Furthermore, in January 2014, Egyptian voters approved an amended Constitution which includes strong guarantees for freedom of expression and bans government interference in the news media. This is a clear expression of the will of the people in Egypt to live in a country where their fundamental liberties are respected and their right to know is not limited under the pretext of too-broadly understood anti-state charges.
We believe that the ability of foreign and local news media to freely cover important political developments in Egypt is an essential part of building a more stable and democratic Egypt. A free press, both local and foreign, is an essential safeguard for the protection of the democratic rights of the people. Actions aimed at silencing critical media, such as the egregious sentences handed down on June 23, undercut assertions that Egypt has embraced democracy and they constitute a serious blemish on the country’s record.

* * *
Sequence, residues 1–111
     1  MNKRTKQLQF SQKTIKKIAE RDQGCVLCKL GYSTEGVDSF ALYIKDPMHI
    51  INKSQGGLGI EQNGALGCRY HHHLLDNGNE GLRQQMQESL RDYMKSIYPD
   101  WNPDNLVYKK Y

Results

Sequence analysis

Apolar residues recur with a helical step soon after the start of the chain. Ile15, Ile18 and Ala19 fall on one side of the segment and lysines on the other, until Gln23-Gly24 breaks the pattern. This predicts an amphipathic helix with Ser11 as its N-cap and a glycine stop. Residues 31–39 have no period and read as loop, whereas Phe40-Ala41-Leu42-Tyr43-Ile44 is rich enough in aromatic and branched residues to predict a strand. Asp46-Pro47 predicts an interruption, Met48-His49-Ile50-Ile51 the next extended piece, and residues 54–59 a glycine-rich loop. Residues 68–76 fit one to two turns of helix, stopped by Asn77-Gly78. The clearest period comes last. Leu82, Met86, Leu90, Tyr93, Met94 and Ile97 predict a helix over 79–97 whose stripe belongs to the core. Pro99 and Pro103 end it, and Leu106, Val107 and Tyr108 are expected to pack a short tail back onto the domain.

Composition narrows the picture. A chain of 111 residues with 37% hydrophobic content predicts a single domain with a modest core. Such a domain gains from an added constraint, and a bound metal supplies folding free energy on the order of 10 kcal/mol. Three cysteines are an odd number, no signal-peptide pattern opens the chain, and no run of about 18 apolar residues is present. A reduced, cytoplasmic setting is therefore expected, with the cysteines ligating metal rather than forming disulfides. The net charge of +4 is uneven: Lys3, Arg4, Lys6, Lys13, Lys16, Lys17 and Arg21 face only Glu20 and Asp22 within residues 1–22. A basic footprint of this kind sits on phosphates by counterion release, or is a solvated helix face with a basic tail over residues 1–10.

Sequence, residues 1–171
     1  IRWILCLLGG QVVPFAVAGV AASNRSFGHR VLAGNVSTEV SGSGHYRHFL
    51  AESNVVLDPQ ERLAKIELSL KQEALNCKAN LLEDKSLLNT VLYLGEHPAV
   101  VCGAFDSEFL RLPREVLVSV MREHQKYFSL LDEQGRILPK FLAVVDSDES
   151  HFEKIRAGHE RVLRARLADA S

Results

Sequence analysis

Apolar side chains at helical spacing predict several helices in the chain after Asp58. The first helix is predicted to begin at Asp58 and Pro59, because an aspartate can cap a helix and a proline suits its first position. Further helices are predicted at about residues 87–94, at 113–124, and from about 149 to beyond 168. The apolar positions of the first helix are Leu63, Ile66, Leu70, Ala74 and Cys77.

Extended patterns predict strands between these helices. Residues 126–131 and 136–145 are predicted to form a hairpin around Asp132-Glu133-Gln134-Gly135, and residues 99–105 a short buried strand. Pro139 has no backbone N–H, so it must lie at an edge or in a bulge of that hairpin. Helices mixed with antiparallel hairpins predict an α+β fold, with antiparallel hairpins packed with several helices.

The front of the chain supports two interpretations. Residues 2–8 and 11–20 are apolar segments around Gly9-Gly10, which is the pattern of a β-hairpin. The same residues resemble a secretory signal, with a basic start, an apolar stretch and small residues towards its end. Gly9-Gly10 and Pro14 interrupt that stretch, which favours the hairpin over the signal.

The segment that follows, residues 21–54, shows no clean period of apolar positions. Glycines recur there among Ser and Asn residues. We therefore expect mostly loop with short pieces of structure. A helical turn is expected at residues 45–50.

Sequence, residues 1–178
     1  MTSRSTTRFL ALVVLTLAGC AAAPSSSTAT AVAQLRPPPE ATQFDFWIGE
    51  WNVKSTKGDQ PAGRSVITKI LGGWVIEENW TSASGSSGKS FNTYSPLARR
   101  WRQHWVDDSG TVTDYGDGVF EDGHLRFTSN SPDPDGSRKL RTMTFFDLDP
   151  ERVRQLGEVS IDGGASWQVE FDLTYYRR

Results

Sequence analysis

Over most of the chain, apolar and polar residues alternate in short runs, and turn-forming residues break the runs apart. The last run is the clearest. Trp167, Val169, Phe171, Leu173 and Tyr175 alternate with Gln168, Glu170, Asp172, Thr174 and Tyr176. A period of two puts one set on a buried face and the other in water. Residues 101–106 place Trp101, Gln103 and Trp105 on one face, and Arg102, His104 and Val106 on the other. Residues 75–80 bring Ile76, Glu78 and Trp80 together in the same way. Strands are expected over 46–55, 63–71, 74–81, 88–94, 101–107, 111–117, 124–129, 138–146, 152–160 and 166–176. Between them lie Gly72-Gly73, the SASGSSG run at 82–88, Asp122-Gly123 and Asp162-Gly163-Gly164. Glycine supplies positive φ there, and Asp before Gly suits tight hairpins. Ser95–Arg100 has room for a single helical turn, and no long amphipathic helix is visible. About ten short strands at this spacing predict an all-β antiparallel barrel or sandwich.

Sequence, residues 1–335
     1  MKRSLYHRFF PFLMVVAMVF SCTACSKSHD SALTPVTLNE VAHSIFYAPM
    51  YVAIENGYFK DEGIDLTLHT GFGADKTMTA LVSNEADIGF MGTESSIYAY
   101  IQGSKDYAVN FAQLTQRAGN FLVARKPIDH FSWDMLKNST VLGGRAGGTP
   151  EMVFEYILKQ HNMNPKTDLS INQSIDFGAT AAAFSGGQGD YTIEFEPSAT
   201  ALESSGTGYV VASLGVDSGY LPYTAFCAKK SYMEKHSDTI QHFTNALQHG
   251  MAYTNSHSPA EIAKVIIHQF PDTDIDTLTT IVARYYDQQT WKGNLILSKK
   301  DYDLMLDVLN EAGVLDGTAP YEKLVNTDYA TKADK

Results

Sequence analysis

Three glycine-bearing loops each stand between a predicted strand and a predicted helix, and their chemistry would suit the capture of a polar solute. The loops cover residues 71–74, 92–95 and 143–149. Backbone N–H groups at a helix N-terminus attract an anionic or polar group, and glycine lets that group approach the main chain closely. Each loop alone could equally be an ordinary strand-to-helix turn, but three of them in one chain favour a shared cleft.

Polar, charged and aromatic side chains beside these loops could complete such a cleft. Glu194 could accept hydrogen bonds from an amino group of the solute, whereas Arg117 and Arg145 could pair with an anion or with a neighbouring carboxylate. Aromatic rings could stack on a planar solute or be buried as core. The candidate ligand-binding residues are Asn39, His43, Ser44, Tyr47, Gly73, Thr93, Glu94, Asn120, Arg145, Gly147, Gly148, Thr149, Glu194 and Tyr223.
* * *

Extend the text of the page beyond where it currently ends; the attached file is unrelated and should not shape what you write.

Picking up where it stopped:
Accordingly, we urge you and all authorities in Egypt to abide by the new constitutional protections regarding press freedom and freedom of expression.
With this letter, we join a multitude of voices – including those of governments, human rights groups, journalists and private citizens – in urging Your Excellency to immediately grant a full presidential pardon to all journalists sentenced in Egypt in connection with their work.
Galina Sidorova, Chairperson, Foundation for Investigative Journalism - Foundation 19/29, Russia
IPI Vice Chairs